Assistant strength and conditioning coach Duane Carlisle joined the 49ers this off-season from the Philadelphia Eagles. He is in charge of directing all of the speed, agility, and conditioning programs for all positions on the team. The president and founder of Lighting Fast Training Systems is one of the leaders in the area of athletic performance training. He has spent the last 13 years pushing athletes to perform to their maximum potential.
Each week Carlisle will provide valuable insight into with columns geared toward educating our fans about the latest aspects of; speed development, quickness training, strength and power development, nutrition and general fitness topics. Carlisle has also developed workout videos which can be viewed, by clicking here!
In addition, head strength and conditioning coach Johnny Parker will join Carlisle in answering a few questions from our fans. To have your question considered, please email Carlisle and Parker at [firstname.lastname@example.org ](mailto:email@example.com?subject=Fitness Corner Email from 49ers.com)
My focus for the next several weeks in these columns will be on how to improve movement. In the game of football the ability to move efficiently, explosively, and quickly in all planes of directions-forward, laterally, diagonally, and backward is critical to the success of our players. This article emphasizes the general principles of movement and in forthcoming articles I will address how to improve position-specific speed, agility, and quickness.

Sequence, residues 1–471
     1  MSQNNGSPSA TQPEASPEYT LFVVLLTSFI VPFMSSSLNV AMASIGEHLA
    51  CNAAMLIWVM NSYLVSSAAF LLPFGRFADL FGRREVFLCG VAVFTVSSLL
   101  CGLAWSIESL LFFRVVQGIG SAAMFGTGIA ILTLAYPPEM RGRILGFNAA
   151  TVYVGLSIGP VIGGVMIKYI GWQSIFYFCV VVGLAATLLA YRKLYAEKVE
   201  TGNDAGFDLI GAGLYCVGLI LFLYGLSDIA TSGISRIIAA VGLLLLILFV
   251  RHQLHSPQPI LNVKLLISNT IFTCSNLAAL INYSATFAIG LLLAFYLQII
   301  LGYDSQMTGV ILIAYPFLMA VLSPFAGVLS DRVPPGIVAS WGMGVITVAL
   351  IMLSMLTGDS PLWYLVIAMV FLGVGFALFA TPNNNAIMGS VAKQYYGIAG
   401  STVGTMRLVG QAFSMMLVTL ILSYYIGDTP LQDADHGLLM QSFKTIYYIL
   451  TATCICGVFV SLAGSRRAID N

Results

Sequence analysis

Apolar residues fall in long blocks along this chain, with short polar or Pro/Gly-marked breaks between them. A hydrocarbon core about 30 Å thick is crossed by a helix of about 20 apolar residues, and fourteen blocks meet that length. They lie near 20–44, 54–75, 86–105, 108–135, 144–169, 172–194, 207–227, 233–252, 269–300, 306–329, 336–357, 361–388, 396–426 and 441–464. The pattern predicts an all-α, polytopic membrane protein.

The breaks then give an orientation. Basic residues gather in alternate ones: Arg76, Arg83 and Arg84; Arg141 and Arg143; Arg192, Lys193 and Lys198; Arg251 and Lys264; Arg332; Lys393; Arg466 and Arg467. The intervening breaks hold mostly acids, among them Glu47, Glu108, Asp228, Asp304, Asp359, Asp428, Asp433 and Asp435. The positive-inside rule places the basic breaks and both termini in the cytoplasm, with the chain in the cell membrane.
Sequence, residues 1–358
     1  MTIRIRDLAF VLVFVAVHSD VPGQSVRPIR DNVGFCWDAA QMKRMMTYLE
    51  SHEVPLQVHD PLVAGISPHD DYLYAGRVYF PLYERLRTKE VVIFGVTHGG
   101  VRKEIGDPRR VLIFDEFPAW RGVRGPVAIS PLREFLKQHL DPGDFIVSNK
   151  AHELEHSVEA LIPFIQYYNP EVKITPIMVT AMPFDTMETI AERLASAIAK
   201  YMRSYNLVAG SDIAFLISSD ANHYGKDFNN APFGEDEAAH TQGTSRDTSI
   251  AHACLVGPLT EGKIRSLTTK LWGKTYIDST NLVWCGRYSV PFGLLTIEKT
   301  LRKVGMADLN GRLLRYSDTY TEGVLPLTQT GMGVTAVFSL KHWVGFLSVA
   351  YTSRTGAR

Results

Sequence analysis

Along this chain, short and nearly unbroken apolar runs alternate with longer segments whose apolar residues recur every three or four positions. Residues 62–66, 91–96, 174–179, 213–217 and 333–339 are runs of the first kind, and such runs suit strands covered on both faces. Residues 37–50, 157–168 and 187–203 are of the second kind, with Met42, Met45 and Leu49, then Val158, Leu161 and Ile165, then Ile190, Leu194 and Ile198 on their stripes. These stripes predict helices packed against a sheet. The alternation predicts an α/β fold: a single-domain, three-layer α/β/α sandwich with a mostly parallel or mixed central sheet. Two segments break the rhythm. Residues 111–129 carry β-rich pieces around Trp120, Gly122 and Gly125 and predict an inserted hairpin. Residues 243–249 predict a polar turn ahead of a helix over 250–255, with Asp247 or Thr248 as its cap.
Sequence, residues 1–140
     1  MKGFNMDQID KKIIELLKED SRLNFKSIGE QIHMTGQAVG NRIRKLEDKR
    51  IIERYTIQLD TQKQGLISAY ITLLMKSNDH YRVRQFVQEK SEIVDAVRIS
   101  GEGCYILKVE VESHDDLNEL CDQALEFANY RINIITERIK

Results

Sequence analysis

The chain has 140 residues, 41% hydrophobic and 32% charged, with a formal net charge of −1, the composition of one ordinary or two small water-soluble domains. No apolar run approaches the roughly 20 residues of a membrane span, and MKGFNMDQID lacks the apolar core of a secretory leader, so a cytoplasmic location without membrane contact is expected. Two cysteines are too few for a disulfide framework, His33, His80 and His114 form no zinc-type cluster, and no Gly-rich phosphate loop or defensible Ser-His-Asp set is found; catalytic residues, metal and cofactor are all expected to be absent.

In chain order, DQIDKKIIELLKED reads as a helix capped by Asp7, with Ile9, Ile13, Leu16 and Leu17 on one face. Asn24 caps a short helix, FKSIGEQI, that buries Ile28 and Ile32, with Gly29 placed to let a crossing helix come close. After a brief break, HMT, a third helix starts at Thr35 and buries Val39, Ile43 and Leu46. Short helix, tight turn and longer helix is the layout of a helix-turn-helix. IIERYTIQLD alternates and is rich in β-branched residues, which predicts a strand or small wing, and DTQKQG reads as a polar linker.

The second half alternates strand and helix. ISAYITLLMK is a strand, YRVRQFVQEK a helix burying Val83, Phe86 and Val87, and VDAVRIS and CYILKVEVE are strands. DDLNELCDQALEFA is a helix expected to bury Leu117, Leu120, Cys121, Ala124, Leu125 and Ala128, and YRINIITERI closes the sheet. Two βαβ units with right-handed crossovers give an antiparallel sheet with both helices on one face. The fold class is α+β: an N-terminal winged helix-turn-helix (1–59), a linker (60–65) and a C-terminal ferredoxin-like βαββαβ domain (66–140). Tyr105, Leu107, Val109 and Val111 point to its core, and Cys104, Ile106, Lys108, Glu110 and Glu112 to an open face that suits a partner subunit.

For years, it was believed that athletes were inherently fast or slow. Consequently, the belief that speed was impossible to teach was widely accepted. Another wide-held belief associated with speed is that in order to become faster an athlete must run, run, run. Even today, when asked about the definition of speed, the most common answer is "speed is how fast a person can run."
Speed training counteracts all of the above mentioned beliefs. With the help of modern science, we now know that every individual is born with a certain percentage of fast twitch (fast) and slow twitch (endurance) muscle fibers. Maximizing an athlete's fast twitch potential is the objective of speed development.
Speed development training focuses on maximizing three areas related to an athlete's movement: speed, quickness, and agility. Often, speed, quickness, and agility are thought of as being one in the same. However, they are really three distinct skills that require individual development.
Speed is a term used to describe the velocity at which an athlete is moving. It can be measured forward, backward, laterally and diagonally. Speed and time go hand and hand. Athletes must increase their speed in order to decrease the amount of time it takes to get from point A to point B.
Agility is the athlete's ability to change direction suddenly with minimal loss of speed, balance, and body control. Agility is a complex skill that involves all six fundamental aspects of sport movement (speed, strength, timing, rhythm, balance, and body control).
The term quickness is often used vaguely, like in the context "the athlete is cat-quick." Simply defined, quickness describes the athlete's body limb movement speed, acceleration, reactive ability, and explosiveness. The more athletes improve limb speed, reaction and acceleration, (quickness) the greater the potential to increase their speed.